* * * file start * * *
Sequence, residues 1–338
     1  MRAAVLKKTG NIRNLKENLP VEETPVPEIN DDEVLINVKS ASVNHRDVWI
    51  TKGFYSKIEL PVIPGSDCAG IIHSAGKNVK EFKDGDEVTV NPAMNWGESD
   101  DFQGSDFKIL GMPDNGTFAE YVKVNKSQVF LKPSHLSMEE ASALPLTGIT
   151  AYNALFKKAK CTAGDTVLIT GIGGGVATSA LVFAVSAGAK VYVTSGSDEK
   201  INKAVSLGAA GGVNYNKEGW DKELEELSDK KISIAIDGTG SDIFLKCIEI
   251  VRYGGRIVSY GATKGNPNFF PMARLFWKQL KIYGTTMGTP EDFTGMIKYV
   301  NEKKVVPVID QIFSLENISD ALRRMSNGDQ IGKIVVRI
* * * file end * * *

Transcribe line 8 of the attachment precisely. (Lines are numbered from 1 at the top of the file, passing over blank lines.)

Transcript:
   301  NEKKVVPVID QIFSLENISD ALRRMSNGDQ IGKIVVRI